Jim Jarmusch serves the perfect blend: Coffee and Cigarettes.

A Good Buzz 

Jim Jarmusch serves the perfect blend: Coffee and Cigarettes.

The first time through, you might dismiss Coffee and Cigarettes as a filmmaker's recess, playtime before the serious business of making a real feature. Jim Jarmusch never intended this new movie, a collection of 11 shorts made over the past couple of decades, to be a movie at all. It began as a one-off in 1986, when he filmed Roberto Benigni and Steven Wright sharing coffee and smokes in a café that looked as though it had been bombed in 1944 and never rebuilt. The gag, which initially aired on Saturday Night Live, was a brilliant one, pairing the deadpan Wright with the jittery Benigni, who gladly takes the comedian's dentist appointment because he has nothing better to do. It recalls the wonderful sparring scenes between Groucho and Chico Marx from the brothers' later, more desperate movies; Benigni, who had just made Down by Law with Jarmusch, was a real-life Chico who spoke English as though he'd learned it that afternoon.

Jarmusch shot more shorts, filming them during the making of other movies or during occasional breaks; the one with Steve Buscemi as a waiter serving fraternal twins Joie and Cinqué Lee was shot in Memphis during the making of Mystery Train. An episode with Iggy Pop and Tom Waits was shot in 1993; many more, with Cate Blanchett and Alfred Molina and Steve Coogan and the White Stripes and the Wu-Tang Clan and Bill Murray, were made only last year, when Jarmusch decided to ditch a troublesome feature in favor of completing a long movie made of many short ones. So, yes, you could dismiss it as a time-killing lark. But you would be wrong.

Watching Coffee and Cigarettes for the first time is like trying to digest a whole concept album in a single sitting. You have to revisit that record to appreciate the concept. Only over time does it jell. But Coffee and Cigarettes is really a collection of great pop songs: "Cousins," performed by Cate Blanchett (and Cate Blanchett); "Somewhere in California," with Iggy Pop and Tom Waits; "Jack Shows Meg His Tesla Coil," with the White Stripes; and "Delirium," with RZA, GZA and Bill Murray. They're bound by the obvious -- in nearly each segment, the stars share a pack of smokes and a pot of joe -- but also by the subtle. They share verses, lines of dialogue that appear in one short and reappear in a different context later on. They share riffs, including pictures of famous dead actors that hover over scenes. And they share themes, because it's a movie in which famous people, or the nearly famous, play variations of themselves and misunderstand nearly everything the person across the table says. It's a movie about discomfort and distance, like an episode of Curb Your Enthusiasm or The Larry Sanders Show shot in deadpan black and white.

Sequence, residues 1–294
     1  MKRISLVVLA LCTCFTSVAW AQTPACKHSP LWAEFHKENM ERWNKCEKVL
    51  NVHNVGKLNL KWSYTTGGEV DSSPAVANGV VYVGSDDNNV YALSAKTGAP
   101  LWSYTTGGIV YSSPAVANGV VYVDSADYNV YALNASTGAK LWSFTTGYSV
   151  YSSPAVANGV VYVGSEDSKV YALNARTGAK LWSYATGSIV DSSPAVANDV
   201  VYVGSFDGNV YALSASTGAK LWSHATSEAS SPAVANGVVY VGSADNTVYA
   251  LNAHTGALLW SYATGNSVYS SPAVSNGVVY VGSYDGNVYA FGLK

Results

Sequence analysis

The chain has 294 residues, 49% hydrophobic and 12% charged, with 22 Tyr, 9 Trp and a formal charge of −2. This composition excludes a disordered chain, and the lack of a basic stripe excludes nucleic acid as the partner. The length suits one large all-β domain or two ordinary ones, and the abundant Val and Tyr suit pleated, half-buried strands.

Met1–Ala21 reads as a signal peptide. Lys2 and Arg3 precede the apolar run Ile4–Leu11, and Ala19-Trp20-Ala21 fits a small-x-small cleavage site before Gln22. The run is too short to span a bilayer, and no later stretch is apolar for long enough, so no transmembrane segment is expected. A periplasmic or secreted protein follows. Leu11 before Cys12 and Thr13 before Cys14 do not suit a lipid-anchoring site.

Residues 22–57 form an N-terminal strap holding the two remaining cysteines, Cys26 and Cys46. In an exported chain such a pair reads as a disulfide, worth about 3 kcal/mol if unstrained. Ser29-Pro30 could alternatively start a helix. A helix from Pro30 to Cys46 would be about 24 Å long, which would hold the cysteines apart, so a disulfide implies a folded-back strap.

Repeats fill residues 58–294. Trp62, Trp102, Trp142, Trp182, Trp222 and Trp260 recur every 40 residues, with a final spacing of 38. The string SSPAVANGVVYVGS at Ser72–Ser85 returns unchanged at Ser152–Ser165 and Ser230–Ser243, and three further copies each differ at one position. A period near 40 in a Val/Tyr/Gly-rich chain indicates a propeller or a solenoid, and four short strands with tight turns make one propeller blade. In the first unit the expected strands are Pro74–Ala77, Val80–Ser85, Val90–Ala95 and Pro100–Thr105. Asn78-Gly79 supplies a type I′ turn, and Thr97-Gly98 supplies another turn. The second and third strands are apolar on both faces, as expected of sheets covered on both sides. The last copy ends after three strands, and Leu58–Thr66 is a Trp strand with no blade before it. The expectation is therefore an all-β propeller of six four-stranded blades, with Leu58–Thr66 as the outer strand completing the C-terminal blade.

Some of the shorts are better than others. Blanchett as both herself and her bitter, grunged-out cousin offers a bittersweet chuckle. RZA and GZA referring to an on-the-lam Bill Murray only as " Billmurray" is a gas. Pop and Waits as wary, defensive strangers are gleefully discomfiting. (Pop tells Waits, "You can call me Jim, Jimmy, Iggy, Jiggy.") Best of all, in "Cousins?" Coogan belittles and flat-out rejects Molina's invitation to be friends before realizing too late that he may be lower on the celebrity food chain. The gotcha look Molina gives him is priceless.

But even the lesser shorts will get your toes tapping, chiefly the final one, "Champagne," in which Andy Warhol veteran Taylor Mead and his old collaborator Bill Rice pretend their sour coffee is actually champagne and that their lunch break in a dilapidated armory is really an afternoon spent on the Seine in the 1920s. It ends the film on a soft note, sung in the lonesome key of Mahler's "I Have Lost Track of the World." If only you could pick up the needle and play the whole thing over again. And again.

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